Sinking of the Cunard Liner Lusitania Timeline
The Sinking of the Lusitania. The Dastardly Destruction of the Great Passenger Ship off the Old Head of Kinsale, Ireland on 7 May 1915, and the Murder of 1,200 Non-Combatants, Was Germany's Greatest Exploit in Crime. History of the World War, Volume 2. GGA Image ID # 1853f659f8
7 May 1915 German submarine U-20 torpedoes and sinks British passenger liner RMS Lusitania off the Old Head of Kinsale, Ireland. A total of 1,198 passengers are killed, including 124 Americans.Note 1
13 May 1915 The U.S. government protests to Germany against its submarine policy which culminated in the sinking of the British passenger liner RMS Lusitania. Secretary of State William J. Bryan states: “The Imperial German Government will not expect the Government of the United States to omit any word or any act necessary to the performance of its sacred duty of maintaining the rights of the United States and its citizens and of safeguarding their free exercise and enjoyment.”Note 2
9 June 1915 The U.S. government, in a second note relating to the sinking of the British passenger liner RMS Lusitania, requests that Germany adopt the necessary measures to safeguard American lives, property, and ships on the high seas and asks for assurances that this will be done. Note 3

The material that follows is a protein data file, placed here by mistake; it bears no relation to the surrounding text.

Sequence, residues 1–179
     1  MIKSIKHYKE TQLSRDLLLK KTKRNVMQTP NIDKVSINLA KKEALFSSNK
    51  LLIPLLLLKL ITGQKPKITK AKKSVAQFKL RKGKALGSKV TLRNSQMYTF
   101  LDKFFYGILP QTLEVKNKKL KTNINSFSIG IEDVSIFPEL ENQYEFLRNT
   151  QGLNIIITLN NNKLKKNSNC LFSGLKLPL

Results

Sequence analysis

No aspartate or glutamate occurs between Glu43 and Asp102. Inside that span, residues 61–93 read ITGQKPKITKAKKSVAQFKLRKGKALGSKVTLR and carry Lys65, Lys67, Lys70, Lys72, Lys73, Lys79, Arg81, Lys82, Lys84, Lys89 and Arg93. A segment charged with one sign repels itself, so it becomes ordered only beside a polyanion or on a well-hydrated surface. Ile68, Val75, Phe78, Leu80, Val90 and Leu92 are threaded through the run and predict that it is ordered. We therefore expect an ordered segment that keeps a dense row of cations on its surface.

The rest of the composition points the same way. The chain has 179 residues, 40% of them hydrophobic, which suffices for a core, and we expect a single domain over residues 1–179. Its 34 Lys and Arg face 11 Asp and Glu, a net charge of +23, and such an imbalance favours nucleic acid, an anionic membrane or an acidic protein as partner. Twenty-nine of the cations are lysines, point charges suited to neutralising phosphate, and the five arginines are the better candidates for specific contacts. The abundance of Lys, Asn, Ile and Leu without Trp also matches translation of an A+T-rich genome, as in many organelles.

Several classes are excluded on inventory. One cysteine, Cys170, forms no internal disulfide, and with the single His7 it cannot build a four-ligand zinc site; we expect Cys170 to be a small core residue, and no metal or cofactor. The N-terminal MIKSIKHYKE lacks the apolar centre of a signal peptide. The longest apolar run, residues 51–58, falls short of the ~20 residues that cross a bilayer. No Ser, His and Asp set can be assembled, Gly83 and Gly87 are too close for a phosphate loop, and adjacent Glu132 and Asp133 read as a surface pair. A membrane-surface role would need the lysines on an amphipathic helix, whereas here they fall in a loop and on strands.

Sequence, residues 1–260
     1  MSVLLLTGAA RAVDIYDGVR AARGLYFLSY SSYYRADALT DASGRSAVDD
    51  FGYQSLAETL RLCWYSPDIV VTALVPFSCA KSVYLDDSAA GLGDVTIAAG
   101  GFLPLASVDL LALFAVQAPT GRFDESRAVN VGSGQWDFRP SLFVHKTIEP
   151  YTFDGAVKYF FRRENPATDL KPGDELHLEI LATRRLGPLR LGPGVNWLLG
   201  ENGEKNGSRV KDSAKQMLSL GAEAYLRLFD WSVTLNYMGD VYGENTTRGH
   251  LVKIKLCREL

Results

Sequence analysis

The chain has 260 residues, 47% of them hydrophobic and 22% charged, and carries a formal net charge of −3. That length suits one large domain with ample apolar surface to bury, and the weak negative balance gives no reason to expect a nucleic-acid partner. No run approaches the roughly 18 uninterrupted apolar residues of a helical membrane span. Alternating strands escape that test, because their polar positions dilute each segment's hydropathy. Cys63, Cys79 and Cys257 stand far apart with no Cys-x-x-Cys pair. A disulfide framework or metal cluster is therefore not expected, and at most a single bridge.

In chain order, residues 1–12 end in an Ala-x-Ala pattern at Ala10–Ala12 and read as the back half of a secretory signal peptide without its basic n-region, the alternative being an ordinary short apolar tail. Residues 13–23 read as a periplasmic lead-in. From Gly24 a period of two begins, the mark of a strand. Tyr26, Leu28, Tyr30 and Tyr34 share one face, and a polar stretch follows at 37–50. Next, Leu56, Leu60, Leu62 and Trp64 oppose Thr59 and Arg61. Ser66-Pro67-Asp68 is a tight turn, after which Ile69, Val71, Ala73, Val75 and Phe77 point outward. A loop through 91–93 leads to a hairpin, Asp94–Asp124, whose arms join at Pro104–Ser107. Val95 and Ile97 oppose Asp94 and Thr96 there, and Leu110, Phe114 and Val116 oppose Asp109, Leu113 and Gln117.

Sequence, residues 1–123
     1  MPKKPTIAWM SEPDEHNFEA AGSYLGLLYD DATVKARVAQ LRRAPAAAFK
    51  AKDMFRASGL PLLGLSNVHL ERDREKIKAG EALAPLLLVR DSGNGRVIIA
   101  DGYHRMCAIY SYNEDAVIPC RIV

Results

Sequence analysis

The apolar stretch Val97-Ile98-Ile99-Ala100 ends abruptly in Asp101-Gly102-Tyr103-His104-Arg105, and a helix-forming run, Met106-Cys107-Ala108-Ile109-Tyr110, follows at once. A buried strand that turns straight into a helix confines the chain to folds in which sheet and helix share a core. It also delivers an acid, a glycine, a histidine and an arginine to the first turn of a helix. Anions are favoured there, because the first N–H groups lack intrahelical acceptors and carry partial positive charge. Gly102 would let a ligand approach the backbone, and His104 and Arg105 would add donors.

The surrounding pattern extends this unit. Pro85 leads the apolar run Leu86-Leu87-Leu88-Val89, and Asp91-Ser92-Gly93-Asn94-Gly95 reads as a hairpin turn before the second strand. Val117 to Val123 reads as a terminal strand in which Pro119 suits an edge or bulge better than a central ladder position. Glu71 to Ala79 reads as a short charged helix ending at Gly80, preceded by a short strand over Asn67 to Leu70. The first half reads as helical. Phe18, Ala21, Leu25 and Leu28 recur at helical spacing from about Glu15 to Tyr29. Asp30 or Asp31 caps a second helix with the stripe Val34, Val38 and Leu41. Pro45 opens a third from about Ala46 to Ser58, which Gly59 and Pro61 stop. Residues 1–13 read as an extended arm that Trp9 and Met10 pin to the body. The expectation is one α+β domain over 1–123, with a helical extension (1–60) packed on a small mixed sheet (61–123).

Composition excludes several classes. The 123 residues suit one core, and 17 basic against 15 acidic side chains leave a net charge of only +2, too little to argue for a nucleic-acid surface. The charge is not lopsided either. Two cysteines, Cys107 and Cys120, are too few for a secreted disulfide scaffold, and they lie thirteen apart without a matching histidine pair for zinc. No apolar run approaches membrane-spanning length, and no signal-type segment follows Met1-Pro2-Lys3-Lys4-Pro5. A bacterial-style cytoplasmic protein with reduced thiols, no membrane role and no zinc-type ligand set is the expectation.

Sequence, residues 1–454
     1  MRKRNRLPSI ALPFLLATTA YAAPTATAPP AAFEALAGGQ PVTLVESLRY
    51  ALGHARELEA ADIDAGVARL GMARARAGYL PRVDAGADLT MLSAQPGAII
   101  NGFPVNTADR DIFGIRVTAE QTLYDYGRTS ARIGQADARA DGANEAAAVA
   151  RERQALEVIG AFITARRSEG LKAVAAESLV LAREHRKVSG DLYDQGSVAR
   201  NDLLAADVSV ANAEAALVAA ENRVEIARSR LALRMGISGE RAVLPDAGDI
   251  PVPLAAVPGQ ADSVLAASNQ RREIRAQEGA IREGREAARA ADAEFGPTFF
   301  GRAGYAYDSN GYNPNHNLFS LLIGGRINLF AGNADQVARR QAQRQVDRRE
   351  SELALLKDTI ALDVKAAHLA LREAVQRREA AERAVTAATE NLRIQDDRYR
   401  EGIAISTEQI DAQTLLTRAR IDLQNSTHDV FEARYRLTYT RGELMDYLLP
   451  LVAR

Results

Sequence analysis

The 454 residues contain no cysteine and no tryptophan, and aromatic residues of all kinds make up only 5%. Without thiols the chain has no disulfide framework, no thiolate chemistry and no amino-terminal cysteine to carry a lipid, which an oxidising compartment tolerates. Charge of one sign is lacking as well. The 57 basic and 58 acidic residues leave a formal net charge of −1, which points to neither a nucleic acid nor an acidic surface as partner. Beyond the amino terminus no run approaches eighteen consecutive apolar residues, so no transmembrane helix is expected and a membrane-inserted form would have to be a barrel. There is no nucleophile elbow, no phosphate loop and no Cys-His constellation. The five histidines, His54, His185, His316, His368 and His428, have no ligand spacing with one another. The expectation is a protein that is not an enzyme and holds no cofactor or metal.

1 September 1915 The German ambassador to the United States declares that passenger liners will not be sunk by German submarines without warning and without regard for the safety of the lives of non-combatants provided that the liners do not try to escape or offer resistance. This comes in response to the sinking of the British passenger liners RMS Lusitania and Arabic. Note 4
4 September 1915 The British passenger liner RMS Hesperian is torpedoed by German submarine U20—the same U-boat commanded by Kapitanleutnant Walther Schweiger who sank the British passenger liner RMS Lusitania—with the loss of 26 lives. One American citizen, a crewmember, escaped unscathed. While under tow to Ireland, the Hesperian sinks on 6 September. Note 5
16 February 19165 The German government dispatches a diplomatic note acknowledging its liability in the British passenger liner RMS Lusitania affair and being prepared to make reparation for the lives of those Americans lost in the sinking.Note 6
Note 1 Department of State, FRUS, 1915, Supplement, 384; Link, Struggle for Neutrality, 370–72; William N. Still Jr., Crisis at Sea: The United States Navy in European Waters in World War I (Gainesville, FL: University Press of Florida, 2006), 4.
Note 2 Department of State, FRUS, 1915, Supplement, 393–96
Note 3 Ibid., 436–38.
Note 4 Department of State, FRUS, 1915, Supplement, 530–31.
Note 5 Ibid., 533–35; Link, Struggle for Neutrality, 652–53.
Note 6 Department of State, FRUS, 1916, Supplement, 171–72.
Frank A. Blazich, Jr., Ph.D., United States Navy and World War I: 1914-1922, Naval History and Heritage Command, nd, circa 2000.